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January 3, 2019
Vol. 14
No. 13

Inclusive Coaching Focuses on Students, Not Teachers

Inclusive coaching, based on the premise that all teachers are lifelong learners, enables participants to self-direct their professional development with guided support (Sweeney, 2016). Yet, for this kind of coaching to be successful, we must overcome a long history of deficit models targeting "deficient" teachers who need "fixing."
As instructors within the Student-Centered Coaching Certificate program at the University of Wisconsin-Madison, we work with new and veteran coaches in diverse and international settings. Coaches from New Mexico to Columbia to our home state consistently express the same struggle to build relational trust and maintain teacher buy-in, especially when teachers perceive coaching as purely evaluative.
Not all teachers are willing to put themselves under the microscope. They might have a lack of engagement in collaborative planning activities, choose not to share student work during analysis, or resist invitations to visit peer classrooms while keeping their own doors closed. Such reluctance might speak to a teacher's own insecurities or be well warranted by prior negative professional learning experiences. If we truly believe that coaching is a partnership of shared expertise, then teacher expertise needs a place at the table.
To make this change, coaching meetings must focus on student evidence (what students say and do in relation to learning goals) rather than teacher moves (what the teacher says and does). This change can seem overwhelming because it repositions the underlying beliefs that shape many coaching programs. But a commitment to shared ownership of the coaching process fosters teacher professionalism and a growth mindset without placing blame on teacher shortcomings. These values must not only be clearly communicated through a coaching vision but also reinforced by administrators who are able to walk the walk.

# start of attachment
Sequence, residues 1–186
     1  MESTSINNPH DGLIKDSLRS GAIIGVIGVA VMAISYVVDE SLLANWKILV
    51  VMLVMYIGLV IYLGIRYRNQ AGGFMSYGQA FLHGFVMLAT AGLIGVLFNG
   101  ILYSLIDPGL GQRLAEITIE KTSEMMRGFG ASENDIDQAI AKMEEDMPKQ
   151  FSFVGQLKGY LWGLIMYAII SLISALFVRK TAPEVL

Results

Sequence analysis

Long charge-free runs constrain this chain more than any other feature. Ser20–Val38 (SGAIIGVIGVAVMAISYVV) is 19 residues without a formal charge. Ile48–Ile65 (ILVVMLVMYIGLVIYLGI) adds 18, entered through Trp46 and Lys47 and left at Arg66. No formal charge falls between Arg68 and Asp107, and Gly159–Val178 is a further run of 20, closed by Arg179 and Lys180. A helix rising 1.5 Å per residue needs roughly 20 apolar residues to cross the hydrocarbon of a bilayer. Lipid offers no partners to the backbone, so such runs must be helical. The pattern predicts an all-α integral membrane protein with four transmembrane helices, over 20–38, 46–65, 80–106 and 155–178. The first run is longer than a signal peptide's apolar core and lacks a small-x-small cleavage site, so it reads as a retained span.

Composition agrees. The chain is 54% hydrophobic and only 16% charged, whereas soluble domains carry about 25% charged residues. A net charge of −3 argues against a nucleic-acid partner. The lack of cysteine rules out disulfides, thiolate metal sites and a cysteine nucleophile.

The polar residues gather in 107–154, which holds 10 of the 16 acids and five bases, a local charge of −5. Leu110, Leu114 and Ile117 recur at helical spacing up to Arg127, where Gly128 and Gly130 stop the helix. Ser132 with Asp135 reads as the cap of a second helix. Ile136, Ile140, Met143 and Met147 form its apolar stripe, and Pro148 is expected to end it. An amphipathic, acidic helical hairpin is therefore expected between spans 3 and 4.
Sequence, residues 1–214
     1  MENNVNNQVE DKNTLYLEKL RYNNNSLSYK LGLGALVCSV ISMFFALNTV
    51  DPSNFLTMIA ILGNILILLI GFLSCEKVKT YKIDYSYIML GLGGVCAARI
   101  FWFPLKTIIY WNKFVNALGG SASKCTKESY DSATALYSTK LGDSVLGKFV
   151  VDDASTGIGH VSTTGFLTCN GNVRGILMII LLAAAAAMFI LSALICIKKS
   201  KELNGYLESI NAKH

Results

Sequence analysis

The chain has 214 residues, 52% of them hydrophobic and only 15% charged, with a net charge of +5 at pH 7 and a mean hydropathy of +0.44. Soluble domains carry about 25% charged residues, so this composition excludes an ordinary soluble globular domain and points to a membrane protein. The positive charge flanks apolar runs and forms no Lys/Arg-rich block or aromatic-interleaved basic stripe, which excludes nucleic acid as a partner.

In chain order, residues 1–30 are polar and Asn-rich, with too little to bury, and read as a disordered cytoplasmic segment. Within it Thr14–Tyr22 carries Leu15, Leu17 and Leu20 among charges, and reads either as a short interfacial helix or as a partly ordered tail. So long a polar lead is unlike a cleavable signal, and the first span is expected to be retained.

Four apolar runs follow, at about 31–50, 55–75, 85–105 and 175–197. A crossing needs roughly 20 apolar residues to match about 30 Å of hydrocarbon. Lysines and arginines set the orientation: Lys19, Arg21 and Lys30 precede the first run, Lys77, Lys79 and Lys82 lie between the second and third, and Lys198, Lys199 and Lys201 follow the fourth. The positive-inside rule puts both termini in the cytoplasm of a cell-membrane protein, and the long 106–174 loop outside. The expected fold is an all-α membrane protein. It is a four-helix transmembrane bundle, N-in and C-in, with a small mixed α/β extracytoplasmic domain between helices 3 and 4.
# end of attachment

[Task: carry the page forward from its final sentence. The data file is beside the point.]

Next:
The Collaborative Work of Goal Setting

The shift to inclusive coaching starts with the goal-setting meeting. Carefully crafting learning goals provides direction for coaching collaborations and keeps the purpose of the work—students—at the center of the process.
During goal-setting meetings, teachers and coaches can work collaboratively to establish learning goals based on students' previous work, tests, and other evidence, as well as curriculum standards. Coaches can address concerns about classroom management, content knowledge, or instructional design by discussing how these pedagogies affect students' ability to learn.
The coaching process, broken down in Figure 1 below, still develops specific teaching practices, but those practices are a means to an end (the student's performance) as opposed to representing the teacher's performance.

Figure 1. Setting Student-Centered Goals

Esme, an instructional literacy coach enrolled in our coaching program, began the goal-setting meeting by asking her 1st grade teaching partner, Laura, what her students had been working on and where she saw them going next. Laura explained that most of her students did well but identified two areas where they seemed to be struggling and wanted to help them succeed during small group work. While Esme did offer instructional support, she did so by supporting Laura's goals for improving student evidence, rather than by telling Laura what her goals should be.

The Justification for Teachers' Goals

Because teacher agency is paramount to the goal-setting process, coaches should draw on research to look at how an educator will best learn. Adult learning theory, which recognizes that adults do not learn in the same manner as children, tells us that adults request explanations of why concepts are being taught, prefer learning that focuses on performing a common task, want instruction that accounts for prior experience, and desire self-directed discovery learning (Merriam, 2011).